In the midst of the typical theatrics surrounding the 2015 Grammys, few may remember that Christian rapper LeCrae Moore was nominated in the category of Best Rap Performance (for All I Need is You) alongside mainstream industry heavyweights like Kendrick Lamar and Eminem.
Although Lamar won, Moore’s nomination was a milestone in the development of Contemporary Christian Music (CCM), which has undoubtedly come a long way since the 1960s’ folk tunes of the Jesus Movement. The explosion in talent, variety and production quality in CCM raises the possibility of similar success with other art forms. Might we see a Christian film nominated for an Oscar or a Golden Globe sometime in the future?
Filmmaking has historically been the territory of glamorous and highly secularized Hollywood. But like CCM, Christian filmmaking has been growing steadily, largely outside of Los Angeles.
And like CCM, many Christian filmmakers are hoping to break past the niche audience of faithful church goers to reach those who might not otherwise hear the Christian message.
“Christian movies have historically meant very bad movies,” Canadian filmmaker Paul Lalonde told The Huffington Post, “and I can say that as a guy who made some of them. You were just preaching to the choir, which was great, because the choir loved them and we were having fun doing them. But they never really broke beyond the Christian audience, and that was something I always wanted to do.”
Many hailed 2014 as the Year of the Christian Film, since several high-profile movies were written and produced by Christians or based on biblical stories. These included God’s Not Dead, Heaven Is for Real, Left Behind, Exodus: Gods and Kings and Noah. The latter two were produced with enormous budgets by mainstream studios. Noah, directed by Darren Aronofsky, boasted an A-list cast, a production budget of $125 million and was distributed by Paramount.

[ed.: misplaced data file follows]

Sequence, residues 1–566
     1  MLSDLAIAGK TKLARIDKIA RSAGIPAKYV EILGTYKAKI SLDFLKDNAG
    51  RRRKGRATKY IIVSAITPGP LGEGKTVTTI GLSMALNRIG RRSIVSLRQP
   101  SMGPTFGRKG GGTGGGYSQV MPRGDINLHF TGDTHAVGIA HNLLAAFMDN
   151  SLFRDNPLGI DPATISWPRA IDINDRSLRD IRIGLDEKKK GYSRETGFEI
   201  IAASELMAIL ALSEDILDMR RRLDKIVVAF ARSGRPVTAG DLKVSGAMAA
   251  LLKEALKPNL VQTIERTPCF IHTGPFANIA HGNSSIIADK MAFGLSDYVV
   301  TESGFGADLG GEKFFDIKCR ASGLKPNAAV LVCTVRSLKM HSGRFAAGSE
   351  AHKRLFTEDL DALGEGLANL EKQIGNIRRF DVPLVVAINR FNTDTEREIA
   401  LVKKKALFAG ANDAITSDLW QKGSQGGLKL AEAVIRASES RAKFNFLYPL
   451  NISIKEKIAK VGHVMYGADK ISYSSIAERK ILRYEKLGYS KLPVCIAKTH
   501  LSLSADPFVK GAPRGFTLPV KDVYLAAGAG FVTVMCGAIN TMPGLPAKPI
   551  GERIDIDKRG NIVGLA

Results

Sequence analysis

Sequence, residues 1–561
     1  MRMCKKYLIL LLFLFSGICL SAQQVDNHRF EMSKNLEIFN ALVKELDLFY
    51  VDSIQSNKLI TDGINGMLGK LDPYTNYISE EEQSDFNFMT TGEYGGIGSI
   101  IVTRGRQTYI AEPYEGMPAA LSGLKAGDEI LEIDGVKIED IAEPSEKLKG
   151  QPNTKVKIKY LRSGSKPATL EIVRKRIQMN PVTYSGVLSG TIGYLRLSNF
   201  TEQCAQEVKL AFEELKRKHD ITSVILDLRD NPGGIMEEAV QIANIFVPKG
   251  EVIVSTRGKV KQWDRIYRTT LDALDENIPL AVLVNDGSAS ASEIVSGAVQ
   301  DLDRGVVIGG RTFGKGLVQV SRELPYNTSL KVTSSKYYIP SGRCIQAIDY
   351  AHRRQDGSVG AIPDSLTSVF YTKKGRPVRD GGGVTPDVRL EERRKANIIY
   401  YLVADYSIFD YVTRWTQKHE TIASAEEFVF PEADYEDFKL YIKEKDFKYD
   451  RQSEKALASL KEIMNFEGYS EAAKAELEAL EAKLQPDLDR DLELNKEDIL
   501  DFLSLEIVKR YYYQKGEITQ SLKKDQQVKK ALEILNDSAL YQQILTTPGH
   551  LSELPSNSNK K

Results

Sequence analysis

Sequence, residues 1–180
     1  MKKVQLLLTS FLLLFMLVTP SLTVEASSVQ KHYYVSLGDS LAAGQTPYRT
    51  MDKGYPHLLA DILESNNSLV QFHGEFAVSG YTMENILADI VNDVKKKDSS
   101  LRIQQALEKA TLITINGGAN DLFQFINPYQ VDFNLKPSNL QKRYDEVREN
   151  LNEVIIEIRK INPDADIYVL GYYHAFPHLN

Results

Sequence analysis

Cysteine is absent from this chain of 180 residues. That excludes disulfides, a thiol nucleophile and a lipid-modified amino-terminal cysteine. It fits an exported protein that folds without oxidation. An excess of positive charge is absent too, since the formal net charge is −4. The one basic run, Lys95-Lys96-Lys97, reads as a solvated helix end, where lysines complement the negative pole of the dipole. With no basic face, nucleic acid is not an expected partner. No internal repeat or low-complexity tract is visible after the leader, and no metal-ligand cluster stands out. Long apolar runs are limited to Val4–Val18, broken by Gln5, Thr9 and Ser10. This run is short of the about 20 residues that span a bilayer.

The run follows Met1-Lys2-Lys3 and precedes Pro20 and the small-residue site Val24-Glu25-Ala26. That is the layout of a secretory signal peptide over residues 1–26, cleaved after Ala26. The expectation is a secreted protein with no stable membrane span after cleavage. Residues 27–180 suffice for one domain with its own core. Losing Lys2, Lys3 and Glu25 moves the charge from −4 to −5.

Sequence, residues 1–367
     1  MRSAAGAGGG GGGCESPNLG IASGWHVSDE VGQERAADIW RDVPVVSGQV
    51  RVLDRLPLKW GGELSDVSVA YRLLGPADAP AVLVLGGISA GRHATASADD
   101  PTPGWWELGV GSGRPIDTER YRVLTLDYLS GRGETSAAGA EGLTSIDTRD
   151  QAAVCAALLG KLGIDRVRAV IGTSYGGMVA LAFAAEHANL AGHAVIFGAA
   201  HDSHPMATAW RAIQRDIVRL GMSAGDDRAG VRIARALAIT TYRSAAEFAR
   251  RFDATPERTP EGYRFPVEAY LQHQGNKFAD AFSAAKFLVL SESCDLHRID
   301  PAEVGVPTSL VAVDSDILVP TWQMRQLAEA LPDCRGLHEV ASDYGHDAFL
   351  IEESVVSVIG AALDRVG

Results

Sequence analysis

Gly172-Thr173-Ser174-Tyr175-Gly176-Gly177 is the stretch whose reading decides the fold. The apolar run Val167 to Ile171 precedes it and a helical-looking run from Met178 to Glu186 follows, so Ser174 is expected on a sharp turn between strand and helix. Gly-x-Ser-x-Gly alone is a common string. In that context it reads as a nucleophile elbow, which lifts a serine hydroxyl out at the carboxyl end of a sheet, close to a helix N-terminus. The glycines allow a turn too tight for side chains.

It made no apologies about deviating significantly not just from the details of the biblical narrative, but from its message as well.
Exodus: Gods and Kings, directed by Ridley Scott, cost $140 million. It portrayed God as whiny child and Moses as mentally ill. Both directors were quite public about their contempt for the source material, with Aronofsky proudly declaring Noah the “least biblical film ever made,” and Scott calling religion the biggest source of evil in the world. Grossing just over $101 and $64 million domestically, both Noah and Exodus might have enjoyed more box office success if they had welcomed Christian audiences rather than alienating them.
By contrast, God’s Not Dead, Heaven Is for Real and Left Behind were made by Christian studios.
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SOURCE: Charisma News
Harry R. Jackson Jr. is senior pastor of 3,000-member Hope Christian Church in the nation’s capital. Jackson, who earned an MBA from Harvard, is a best-selling author and popular conference speaker. He leads the High-Impact Leadership Coalition.